Following the expiration of their collective agreements on June 30, two campus unions — CUPE 3261 and USW 1998 — have secured a strike action mandate from their members. This means that as these two unions prepare for bargaining negotiations with U of T, they have the ability to leverage a threat of strike action.
CUPE 3261 represents full-time, part-time, and casual service workers at the university, as well as workers in the University of Toronto Press and the Faculty Club. USW 1998 represents 4,300 administrative and technical workers on all three U of T campuses.
After members voted on August 22, 23, and 24, CUPE 3261 secured a 96 per cent vote for a strike mandate from full-time and part-time workers, and 95 per cent from casual workers. According to the union, this was based on “substantial turnout.”
Strike mandate votes do not mean a start to strike; according to Ontario law, unions are required to hold these ballots before they are allowed to move towards strike action. If the bargaining committees cannot recommend the university’s offers by their respective deadlines, the unions may hold a second vote, this time on whether to go on strike or not.
In the case of CUPE 3261, according to the union, if the bargaining committees are unable to come to an agreement with the university, they will ask the Ministry of Labour Conciliator to issue a 17-day countdown. If, during that period, no agreement has come to fruition, a strike will begin.
Following the positive strike vote, CUPE 3261 has seven more meetings planned with the university, with the last on September 14. The USW 1998’s bargaining deadline is September 5.
The main point of contention for CUPE 3261 is immediately increasing the minimum wage to $15 per hour, ahead of provincial law providing for it in 2019.
Allan James, President of CUPE 3261, told The Varsity that they “want the Employer to hire U of T employees who make a living wage with health benefits and pensions who live and work and spend money in the GTA.”
Other points CUPE 3261 will bring up at the negotiations include paid emergency and sick leave, greater ability for casual workers to become permanent, and ending the external contracting out of cleaning services.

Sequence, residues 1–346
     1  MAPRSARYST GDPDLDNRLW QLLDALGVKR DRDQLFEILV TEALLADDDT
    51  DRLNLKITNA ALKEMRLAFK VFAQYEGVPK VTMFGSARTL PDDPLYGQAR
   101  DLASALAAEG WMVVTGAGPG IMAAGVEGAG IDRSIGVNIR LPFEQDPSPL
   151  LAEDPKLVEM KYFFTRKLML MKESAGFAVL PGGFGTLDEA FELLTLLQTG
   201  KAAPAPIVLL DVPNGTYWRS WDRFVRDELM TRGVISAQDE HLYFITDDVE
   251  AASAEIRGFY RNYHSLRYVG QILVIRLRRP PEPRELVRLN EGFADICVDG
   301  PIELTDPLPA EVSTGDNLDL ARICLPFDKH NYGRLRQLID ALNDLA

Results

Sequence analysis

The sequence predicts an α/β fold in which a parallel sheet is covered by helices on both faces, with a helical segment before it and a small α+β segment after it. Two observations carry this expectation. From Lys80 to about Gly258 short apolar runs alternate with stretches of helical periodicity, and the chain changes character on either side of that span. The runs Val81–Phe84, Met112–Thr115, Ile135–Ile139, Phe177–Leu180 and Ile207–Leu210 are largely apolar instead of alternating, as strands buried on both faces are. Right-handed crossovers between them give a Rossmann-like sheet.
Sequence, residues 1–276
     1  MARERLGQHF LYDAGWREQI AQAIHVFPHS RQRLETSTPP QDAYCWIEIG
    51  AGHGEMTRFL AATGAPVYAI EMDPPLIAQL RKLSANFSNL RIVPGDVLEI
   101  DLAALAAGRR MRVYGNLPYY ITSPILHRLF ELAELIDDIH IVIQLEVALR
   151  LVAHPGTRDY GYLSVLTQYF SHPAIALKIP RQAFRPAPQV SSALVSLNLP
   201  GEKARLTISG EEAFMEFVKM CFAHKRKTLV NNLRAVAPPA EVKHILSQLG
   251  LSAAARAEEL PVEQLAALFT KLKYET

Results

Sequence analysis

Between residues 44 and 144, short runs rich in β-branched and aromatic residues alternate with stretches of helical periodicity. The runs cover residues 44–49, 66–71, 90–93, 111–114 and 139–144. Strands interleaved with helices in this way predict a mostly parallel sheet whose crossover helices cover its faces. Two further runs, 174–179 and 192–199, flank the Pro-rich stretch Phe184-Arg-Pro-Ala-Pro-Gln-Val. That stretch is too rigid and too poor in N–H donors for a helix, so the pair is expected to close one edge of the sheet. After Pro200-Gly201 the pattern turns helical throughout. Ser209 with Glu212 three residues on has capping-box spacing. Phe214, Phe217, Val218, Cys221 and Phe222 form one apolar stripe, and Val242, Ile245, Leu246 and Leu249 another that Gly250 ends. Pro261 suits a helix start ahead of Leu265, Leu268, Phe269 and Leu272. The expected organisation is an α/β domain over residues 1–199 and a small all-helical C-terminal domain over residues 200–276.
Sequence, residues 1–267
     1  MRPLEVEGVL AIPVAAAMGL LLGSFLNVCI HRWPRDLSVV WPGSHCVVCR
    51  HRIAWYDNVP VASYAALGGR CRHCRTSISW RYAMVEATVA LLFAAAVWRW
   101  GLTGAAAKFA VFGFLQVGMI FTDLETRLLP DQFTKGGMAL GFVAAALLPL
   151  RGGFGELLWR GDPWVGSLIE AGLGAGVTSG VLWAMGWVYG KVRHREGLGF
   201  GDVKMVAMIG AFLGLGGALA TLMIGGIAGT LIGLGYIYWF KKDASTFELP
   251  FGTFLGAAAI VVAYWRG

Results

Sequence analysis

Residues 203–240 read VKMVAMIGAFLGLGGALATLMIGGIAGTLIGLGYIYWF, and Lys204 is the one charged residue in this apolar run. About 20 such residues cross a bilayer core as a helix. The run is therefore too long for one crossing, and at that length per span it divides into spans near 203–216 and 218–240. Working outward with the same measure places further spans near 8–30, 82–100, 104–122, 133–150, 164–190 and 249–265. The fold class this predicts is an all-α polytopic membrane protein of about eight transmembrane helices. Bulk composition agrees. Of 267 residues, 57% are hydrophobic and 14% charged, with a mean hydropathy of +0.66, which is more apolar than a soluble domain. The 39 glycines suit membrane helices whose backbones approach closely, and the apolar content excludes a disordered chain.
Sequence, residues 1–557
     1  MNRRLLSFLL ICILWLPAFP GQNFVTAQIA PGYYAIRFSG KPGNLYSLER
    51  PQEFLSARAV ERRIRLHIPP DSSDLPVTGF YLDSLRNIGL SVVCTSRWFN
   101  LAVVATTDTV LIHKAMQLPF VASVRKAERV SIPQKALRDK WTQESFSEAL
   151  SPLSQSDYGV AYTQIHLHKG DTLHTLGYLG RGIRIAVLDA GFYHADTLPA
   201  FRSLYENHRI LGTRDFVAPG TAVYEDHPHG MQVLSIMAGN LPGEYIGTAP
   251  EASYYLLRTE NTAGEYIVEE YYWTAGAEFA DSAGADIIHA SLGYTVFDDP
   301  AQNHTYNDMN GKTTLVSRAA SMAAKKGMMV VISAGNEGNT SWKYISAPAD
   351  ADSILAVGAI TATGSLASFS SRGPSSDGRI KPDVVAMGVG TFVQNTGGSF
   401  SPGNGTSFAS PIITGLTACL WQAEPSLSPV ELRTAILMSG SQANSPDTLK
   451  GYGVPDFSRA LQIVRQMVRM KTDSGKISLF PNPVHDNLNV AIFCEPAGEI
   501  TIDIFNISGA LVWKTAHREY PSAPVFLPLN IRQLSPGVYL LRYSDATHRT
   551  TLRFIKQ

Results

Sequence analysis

The strike mandate votes come as the new 2017–2018 academic year begins. James says that CUPE 3261 does “not want to inconvenience anyone. Our members do not want to go without income. However, we do want a campus which pays a living wage and which has pensions and benefits and a reasonable path to precarious employment.”
USW 1998 held a strike vote on August 17, in which 94 per cent of the union’s members voted in favour of a strike mandate. USW 1998 President Colleen Burke told The Varsity that the vote “lets management know that our members are behind us and that they are ready to take job action if need be, in order to get the best deal that we can.”
Burke said USW 1998 was “holding a strike vote now because the fall semester is approaching. Snow plow operators don’t go on strike in July. September is the busiest time for the university, when the work of our members is most important. A strike at this time of year would be far more effective than a strike earlier in the summer.”
A strike at the beginning of the new academic year has the potential to greatly affect the university community; these two unions represent thousands of service workers, ranging from maintenance technicians to grounds staff. They also serve employees greatly involved in student life, such as residence, athletics, and health.
The Varsity has reached out to the university for comment.
Editor’s Note: This article has been updated with a correction to the details of the way the strike mandate vote works, and to include the 17-day countdown process that may be utilized by CUPE 3261.